Minneapolis Police Dept to become Dept of Community Safety & Violence Prevention?


The Minneapolis City Council, now guarded by private cops at the taxpayer’s expense, is moving ahead with canceling the police department. They took the next step.

The Council introduced an amendment. It will remove the requirement for a police department from the city charter. The vote was unanimous, 12-0, CBS News local reports.


They want a new kind of police department, with more community input. AND, they want different kinds of non-armed responders to domestic or mental health calls. That’s where a lot of the danger lies.

“We have committed to a community engagement process which is only just beginning. This vote, if it’s on the ballot in November, as I hope it is, gives the voters a chance to check in in the middle of that engagement process to tell us we are on the right track. I believe that’s the right thing for us to do, put it to the voters of Minneapolis to make this change,” council member Steve Fletcher said.


The charter amendment calls instead for “a department of community safety and violence prevention.” It also includes a provision for licensed law enforcement officers.

“As a charter department, the director would be nominated by the Mayor and approved by the City Council. The director would have non-law enforcement experience in community safety services. It would include knowledge of public health and/or restorative justice approaches [Marxist],” the council reported in a press release.


They didn’t sell Mayor Frey on it. He feels they haven’t offered clarity, and supports Police Chief Arradondo.

The ordinance was reported to be authored by council members Jeremiah Ellison, Alondra Cano, Cam Gordon, Steve Fletcher, and Council President Lisa Bender. Click here to read the full text of the amendment.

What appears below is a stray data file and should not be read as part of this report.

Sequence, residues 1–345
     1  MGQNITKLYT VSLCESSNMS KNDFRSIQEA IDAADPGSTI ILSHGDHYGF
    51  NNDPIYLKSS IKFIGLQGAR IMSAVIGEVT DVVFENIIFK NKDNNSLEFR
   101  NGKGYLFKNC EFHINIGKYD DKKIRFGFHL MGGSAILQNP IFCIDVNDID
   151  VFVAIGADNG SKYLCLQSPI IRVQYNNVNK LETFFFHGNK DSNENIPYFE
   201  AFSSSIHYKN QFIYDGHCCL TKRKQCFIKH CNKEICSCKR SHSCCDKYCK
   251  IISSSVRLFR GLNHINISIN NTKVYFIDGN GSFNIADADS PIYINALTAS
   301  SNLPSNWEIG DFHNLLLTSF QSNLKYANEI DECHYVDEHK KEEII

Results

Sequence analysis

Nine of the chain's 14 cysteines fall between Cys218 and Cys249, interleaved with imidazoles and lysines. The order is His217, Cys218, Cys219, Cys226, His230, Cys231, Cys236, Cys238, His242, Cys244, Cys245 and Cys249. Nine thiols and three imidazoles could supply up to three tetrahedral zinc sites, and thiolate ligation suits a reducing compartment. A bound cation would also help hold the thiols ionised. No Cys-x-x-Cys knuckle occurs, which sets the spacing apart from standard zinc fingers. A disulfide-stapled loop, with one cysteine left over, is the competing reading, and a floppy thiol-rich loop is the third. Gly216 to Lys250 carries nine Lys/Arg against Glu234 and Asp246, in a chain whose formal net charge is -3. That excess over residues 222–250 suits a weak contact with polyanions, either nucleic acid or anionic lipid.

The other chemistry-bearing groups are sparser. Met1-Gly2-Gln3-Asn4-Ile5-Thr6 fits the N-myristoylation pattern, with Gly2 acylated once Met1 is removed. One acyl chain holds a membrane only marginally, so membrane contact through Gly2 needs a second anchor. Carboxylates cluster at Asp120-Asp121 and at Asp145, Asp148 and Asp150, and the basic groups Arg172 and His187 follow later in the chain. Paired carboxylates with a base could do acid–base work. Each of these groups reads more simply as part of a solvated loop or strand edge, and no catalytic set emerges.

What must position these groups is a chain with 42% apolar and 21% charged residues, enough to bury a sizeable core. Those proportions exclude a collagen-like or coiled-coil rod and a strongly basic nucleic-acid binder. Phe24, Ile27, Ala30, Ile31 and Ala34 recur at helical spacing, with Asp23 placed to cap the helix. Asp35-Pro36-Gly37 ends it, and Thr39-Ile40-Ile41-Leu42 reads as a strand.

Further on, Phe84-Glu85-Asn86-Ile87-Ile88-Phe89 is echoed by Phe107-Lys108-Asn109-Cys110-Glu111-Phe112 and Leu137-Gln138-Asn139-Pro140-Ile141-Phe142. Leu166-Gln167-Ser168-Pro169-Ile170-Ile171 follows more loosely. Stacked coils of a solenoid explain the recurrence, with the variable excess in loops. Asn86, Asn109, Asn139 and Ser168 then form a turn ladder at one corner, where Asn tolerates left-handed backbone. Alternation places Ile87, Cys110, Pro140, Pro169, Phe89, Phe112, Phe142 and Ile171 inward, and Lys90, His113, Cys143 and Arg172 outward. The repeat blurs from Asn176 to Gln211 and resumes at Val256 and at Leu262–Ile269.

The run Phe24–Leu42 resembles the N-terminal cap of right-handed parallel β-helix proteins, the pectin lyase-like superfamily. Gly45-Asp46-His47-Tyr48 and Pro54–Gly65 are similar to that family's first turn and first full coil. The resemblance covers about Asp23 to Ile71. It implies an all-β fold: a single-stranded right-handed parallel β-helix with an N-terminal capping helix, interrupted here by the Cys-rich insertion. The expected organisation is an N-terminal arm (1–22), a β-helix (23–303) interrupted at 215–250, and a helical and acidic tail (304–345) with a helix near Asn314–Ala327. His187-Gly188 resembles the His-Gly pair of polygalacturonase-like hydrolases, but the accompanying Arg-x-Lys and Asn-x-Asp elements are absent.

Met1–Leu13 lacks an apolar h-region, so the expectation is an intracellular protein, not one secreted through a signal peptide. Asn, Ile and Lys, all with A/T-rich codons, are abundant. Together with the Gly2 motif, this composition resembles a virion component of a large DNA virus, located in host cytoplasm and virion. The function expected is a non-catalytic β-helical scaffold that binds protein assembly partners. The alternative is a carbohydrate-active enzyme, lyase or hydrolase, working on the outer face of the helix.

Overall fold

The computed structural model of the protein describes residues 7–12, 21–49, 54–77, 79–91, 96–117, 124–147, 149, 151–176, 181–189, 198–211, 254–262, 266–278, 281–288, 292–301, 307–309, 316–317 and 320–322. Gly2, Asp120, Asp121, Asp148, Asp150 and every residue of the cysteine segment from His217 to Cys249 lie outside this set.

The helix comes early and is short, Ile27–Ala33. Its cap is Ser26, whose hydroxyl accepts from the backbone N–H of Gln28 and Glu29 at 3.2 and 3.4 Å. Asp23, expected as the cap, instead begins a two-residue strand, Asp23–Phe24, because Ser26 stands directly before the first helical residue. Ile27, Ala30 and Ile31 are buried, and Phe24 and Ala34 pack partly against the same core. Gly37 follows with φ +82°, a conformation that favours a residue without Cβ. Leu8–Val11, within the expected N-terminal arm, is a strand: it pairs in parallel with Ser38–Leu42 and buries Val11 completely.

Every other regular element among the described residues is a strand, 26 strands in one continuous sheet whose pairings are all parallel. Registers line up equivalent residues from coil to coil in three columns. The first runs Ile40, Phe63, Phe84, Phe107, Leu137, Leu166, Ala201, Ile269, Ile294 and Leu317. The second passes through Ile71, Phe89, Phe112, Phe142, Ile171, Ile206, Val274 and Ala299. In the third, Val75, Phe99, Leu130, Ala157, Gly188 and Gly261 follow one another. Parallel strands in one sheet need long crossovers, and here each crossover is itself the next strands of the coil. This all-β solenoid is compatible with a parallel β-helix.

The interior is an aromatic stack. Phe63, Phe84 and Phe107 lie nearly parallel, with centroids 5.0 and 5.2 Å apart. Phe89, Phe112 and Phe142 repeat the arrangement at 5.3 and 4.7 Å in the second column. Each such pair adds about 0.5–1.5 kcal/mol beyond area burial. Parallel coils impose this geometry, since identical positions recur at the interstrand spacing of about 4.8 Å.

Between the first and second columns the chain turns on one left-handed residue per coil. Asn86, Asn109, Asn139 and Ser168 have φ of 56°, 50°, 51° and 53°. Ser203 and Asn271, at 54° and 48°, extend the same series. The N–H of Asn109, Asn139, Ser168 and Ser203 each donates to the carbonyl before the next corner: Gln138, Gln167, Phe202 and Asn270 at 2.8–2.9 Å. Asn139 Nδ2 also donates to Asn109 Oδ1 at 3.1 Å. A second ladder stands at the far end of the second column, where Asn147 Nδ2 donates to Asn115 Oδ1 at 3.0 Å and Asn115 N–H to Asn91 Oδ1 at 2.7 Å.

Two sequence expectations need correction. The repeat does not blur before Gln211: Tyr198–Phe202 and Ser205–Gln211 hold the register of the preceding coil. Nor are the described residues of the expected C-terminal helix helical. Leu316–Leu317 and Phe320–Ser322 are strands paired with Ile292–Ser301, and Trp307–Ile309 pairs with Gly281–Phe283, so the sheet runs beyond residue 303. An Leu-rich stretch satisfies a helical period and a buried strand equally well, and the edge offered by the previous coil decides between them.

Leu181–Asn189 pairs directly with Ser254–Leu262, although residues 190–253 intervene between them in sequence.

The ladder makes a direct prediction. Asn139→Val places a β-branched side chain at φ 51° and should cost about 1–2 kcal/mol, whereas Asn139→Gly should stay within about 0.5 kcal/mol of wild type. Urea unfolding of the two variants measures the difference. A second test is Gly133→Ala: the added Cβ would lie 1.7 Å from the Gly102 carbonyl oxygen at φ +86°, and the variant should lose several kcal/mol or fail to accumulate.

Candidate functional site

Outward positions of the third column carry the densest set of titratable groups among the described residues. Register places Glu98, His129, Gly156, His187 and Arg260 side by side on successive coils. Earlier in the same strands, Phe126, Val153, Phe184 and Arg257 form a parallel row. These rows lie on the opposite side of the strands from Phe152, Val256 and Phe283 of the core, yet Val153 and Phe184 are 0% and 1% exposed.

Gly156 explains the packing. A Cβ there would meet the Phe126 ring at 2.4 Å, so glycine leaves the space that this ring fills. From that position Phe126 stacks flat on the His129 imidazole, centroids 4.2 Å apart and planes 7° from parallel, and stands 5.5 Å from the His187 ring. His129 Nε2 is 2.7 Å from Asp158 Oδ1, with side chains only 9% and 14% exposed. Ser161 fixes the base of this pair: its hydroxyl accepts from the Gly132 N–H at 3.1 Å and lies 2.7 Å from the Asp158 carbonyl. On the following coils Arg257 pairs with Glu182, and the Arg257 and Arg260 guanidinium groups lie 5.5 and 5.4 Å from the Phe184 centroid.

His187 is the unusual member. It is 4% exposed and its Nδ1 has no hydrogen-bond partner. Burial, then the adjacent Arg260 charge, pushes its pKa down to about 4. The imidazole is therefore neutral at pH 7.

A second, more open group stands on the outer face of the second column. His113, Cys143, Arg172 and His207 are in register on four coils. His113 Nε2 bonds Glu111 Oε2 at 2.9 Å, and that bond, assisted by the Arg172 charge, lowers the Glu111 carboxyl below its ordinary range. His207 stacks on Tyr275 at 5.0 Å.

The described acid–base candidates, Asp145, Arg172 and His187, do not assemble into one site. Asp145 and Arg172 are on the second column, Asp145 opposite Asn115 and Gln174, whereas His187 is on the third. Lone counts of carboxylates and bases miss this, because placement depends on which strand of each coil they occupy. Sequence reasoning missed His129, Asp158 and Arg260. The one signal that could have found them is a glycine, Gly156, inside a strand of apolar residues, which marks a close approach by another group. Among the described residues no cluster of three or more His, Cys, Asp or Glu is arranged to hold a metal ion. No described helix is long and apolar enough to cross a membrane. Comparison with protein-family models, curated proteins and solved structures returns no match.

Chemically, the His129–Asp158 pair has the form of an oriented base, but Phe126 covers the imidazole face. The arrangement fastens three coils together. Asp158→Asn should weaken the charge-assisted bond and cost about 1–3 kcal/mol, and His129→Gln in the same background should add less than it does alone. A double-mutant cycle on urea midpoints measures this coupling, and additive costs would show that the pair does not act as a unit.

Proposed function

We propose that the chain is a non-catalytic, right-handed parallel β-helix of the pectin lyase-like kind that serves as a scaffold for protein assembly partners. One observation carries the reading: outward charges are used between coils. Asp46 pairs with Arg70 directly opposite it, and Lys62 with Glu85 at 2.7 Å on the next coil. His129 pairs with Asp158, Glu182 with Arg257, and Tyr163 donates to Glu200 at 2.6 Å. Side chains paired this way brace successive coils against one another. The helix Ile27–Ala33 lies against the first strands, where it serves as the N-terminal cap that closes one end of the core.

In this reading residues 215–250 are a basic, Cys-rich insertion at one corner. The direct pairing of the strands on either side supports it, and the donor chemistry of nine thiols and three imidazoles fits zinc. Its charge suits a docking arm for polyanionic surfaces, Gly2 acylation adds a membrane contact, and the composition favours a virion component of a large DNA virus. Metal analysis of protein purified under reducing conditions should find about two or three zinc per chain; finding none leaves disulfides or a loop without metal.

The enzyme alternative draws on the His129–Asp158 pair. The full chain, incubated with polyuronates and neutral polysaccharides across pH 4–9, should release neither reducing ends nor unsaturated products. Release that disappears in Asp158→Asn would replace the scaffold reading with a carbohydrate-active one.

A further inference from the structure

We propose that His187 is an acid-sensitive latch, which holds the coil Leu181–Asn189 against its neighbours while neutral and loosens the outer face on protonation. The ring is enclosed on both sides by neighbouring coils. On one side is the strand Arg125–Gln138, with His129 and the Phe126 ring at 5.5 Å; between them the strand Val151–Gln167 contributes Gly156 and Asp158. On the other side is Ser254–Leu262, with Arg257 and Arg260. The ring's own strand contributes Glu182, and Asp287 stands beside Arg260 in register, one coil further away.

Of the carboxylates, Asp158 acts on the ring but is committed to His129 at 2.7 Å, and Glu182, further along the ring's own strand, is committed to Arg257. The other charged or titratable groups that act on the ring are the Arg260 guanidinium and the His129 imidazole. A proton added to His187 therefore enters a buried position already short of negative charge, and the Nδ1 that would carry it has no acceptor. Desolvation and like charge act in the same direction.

The Police Officers Federation of Minneapolis responded, saying the following:

“Public safety is a primary role of city government and the politicians in charge of the Minneapolis City Council are not putting the safety of residents and visitors to the city at the core of their actions. This charter amendment fails to clarify questions about what replaces the police department, how it will work, and what actual steps will be done to address and prevent crime.

“It is irresponsible and a disservice to all Minneapolis residents to move forward without more clarity about what comes next. The members of the Minneapolis Police Department are committed to serve with honor and integrity, and stand ready to work with city leaders to improve community safety and trust, but this proposal leaves too many essential questions unanswered.

“Politicians are good at making promises, but not at following through on them, and voters should be wary of any promises that delivered by the City Council about how they will figure it out when and if the charter amendment passes.”

Council President Lisa Bender says part of the plan is to build on the city’s existing violence prevention work. She said there will still be police but she can’t say how many.

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